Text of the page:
The feedback from the scientific community on the McGovern Report was “vigorous and constructive,” explicitly stated the “lack of consensus among nutrition scientists,” and presented evidence for the diversity of scientific opinion on the subject. (11) Other countries, such as Canada and Great Britain, also noted the lack of consensus on whether dietary cholesterol intake should be limited. U.S. senators issued the following statement about the McGovern Report:
It is clear that science has not progressed to the point where we can recommend to the general public that cholesterol intake be limited to a specified amount. The variances between different individuals are simply too great. A similar divergence of scientific opinion on the question of whether dietary change can help the heart illustrates that science cannot yet verify with any certainty that coronary heart disease will be prevented or delayed by the diet recommended in this report. (See footnote)
Nevertheless, these cautionary words were ignored, and the recommendations from the McGovern Report were adopted. This kicked off the fat and cholesterol phobia that would grip the United States for the next four decades.
Another example of how non-scientific factors drive nutrition policy is the influence of the Seventh Day Adventists on public health recommendations in the United States and around the world. Seventh Day Adventists (SDA) is a Protestant denomination that grew out of the Millerite movement in the United States. Health has been a focus of SDA teachings since the inception of the church in the 1860s. According to Wikipedia:
Adventists are known for presenting a “health message” that advocates vegetarianism and expects adherence to the kosher laws, particularly the kosher foods described in Leviticus 11, meaning abstinence from pork, shellfish, and other animals proscribed as “unclean.” The church discourages its members from consuming alcoholic beverages, tobacco or illegal drugs. … In addition, some Adventists avoid coffee, tea, cola, and other beverages containing caffeine.
Ellen White, an early SDA church leader, received her first major health reform vision in 1863, and “for the first time, God’s people were urged to abstain from flesh food in general and from swine’s flesh in particular.” Most SDA diet beliefs are based on White’s health visions.
White believed that the church had a duty to educate the public about health as a way to control desires and passions. Adventists continue to believe that eating meat stirs up “animal passions,” and that is one of the reasons for avoiding it.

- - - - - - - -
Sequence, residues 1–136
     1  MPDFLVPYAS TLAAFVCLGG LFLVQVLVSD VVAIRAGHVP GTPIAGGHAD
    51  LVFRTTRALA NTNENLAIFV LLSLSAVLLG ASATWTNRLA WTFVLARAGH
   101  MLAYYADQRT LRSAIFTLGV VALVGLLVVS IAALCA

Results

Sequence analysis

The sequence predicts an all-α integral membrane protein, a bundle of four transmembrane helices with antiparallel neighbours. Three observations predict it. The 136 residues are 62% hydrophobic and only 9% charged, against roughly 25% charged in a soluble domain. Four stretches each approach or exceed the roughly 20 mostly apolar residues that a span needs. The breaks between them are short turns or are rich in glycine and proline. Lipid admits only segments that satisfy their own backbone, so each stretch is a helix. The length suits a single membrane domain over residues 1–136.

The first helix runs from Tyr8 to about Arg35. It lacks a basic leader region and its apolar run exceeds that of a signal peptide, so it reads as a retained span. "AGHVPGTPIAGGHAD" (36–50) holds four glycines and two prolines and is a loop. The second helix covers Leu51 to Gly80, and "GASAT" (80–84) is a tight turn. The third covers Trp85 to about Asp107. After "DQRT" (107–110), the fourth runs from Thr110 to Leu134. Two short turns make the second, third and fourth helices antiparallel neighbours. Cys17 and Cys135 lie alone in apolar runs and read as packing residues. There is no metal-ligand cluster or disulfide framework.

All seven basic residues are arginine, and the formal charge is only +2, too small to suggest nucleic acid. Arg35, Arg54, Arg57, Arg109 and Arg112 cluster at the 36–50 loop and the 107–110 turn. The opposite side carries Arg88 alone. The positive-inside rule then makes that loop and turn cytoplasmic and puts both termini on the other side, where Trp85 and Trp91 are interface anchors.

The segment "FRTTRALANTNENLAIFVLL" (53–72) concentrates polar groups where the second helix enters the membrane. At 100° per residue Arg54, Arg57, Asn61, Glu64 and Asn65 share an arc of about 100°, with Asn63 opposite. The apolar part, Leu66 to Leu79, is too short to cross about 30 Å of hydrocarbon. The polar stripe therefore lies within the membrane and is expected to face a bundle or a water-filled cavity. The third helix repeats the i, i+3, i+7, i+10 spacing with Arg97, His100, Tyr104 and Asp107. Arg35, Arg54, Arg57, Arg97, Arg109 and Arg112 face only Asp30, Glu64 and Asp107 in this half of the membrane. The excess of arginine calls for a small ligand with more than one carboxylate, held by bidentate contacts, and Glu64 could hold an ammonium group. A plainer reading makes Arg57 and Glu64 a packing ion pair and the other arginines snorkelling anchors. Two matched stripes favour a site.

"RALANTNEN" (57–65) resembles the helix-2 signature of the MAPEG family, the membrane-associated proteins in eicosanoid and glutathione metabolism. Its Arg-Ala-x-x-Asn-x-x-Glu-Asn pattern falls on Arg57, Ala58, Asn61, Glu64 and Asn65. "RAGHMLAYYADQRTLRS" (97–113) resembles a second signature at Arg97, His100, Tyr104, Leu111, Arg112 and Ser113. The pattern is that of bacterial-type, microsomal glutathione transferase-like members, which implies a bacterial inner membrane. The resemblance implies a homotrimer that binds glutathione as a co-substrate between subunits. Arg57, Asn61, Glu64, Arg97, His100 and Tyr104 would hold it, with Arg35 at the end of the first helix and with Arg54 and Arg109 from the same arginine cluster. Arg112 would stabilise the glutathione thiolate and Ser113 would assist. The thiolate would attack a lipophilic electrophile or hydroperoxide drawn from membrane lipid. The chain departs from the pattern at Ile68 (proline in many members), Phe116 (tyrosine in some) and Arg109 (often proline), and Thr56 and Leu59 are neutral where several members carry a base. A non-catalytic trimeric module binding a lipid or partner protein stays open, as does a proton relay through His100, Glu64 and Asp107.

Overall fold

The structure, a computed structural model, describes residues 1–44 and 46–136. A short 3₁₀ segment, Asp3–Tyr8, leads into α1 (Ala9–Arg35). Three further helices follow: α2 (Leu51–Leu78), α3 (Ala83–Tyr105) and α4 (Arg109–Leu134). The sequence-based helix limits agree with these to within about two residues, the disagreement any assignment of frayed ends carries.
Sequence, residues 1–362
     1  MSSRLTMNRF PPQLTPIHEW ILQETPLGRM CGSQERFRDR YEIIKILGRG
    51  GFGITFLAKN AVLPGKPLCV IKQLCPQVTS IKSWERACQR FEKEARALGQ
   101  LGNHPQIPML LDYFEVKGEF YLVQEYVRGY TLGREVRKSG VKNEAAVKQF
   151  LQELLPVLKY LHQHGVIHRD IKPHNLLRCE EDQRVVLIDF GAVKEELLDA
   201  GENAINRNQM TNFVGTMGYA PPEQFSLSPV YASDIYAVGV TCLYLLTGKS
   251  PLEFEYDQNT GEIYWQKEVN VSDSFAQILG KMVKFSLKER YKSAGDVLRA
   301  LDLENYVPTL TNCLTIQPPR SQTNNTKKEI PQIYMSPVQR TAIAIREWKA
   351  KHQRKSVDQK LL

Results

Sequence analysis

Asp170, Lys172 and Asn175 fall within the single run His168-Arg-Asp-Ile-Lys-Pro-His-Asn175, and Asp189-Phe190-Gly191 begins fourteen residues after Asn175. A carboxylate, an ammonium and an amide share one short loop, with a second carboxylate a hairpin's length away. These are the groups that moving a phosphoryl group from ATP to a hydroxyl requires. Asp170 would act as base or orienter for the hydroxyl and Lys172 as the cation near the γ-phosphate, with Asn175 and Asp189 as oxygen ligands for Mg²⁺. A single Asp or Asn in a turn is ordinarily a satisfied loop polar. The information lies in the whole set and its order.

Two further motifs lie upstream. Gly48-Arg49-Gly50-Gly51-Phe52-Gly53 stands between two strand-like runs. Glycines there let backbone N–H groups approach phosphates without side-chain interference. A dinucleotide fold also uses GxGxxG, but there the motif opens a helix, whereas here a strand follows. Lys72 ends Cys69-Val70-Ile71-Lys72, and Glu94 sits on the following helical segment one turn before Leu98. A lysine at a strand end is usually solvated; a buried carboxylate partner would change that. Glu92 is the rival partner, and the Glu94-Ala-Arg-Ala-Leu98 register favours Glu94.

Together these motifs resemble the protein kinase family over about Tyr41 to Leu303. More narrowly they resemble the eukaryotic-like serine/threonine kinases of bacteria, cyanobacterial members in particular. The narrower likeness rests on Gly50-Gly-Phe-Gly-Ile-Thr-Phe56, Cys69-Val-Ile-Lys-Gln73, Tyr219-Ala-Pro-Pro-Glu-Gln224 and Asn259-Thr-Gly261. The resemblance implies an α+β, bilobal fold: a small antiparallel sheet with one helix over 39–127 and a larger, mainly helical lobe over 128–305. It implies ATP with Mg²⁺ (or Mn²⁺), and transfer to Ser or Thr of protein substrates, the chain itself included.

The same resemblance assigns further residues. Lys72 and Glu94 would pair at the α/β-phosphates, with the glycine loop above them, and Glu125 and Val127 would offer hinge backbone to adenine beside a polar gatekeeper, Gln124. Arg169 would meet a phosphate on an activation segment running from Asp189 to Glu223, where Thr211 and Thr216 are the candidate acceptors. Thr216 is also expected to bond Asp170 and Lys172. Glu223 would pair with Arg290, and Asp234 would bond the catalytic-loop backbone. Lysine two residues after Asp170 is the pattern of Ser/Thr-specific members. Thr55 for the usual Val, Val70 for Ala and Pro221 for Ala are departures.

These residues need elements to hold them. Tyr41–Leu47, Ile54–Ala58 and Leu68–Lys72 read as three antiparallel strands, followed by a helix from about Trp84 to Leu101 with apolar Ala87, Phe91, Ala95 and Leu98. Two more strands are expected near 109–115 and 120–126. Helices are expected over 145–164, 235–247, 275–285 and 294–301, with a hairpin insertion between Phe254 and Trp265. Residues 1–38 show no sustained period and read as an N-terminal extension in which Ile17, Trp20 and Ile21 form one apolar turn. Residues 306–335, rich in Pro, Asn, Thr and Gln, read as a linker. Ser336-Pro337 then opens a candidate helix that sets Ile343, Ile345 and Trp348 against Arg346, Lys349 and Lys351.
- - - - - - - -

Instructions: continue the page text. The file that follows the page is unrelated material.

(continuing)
Another early SDA leader, Lenna Cooper, was a dietitian who cofounded the American Dietetics Association, which continues to advocate a vegetarian diet to this day. Cooper wrote textbooks and other materials that were used in dietetic and nursing programs, not only in the United States but around the world, for more than 30 years. The SDA Church established hundreds of hospitals, colleges, and secondary schools and tens of thousands of churches around the world—all promoting a vegetarian diet—and played a major role in the development and mass production of plant-based foods, such as meat analogues, breakfast cereals, and soy milk. (12)
Adventists have been behind much of the early research on vegetarian diets at Loma Linda University in San Diego, where SDA leaders established a dietetics department in 1908. This was an ostensibly scientific endeavor at a university that was established by a religious group that believed vegetarianism was ordained by God.
If you think this raises a huge red flag for allegiance bias, you’re not wrong. In fact, as Jim Banta pointed out in a fascinating review of the SDA influence on diet, administrators at Loma Linda University in the mid-1900s initially discouraged research on vegetarian diets because “if you find the diets of vegetarians are deficient, it will embarrass us.” That is not the attitude of skepticism and open-minded inquiry that characterizes good science.
I’d like to conclude with the opening two paragraphs of a recent open letter that scientists Edward Archer and Chip J. Lavie wrote to the National Academies of Sciences, Engineering, and Medicine:
“Nutrition” is now a degenerating research paradigm in which scientifically illiterate methods, meaningless data, and consensus-driven censorship dominate the empirical landscape. Since the 1950s, there was a naïve but politically expedient consensus that a person’s usual diet could be measured simply by asking what he or she remembered eating and drinking. Despite the credulous and unfalsifiable nature of this memory-based method, investigators used it to produce hundreds of thousands of publications and acquire billions of taxpayer dollars.
Over time, the sustained funding of demonstrably pseudo-scientific research methods has subverted the self-correcting nature of science and suppressed skeptical scholarship. Consequently, many decades of politics taking precedence over critical inquiry produced contradictory dietary guidelines, failed public policies, and the continued confusion over “what-to-eat.”
I couldn’t have said it better myself.
What do you think about the latest nutrition headlines? Do you read the newest research with skepticism? Let me know below in the comments—and be sure to check out Part 1 of this two-part series!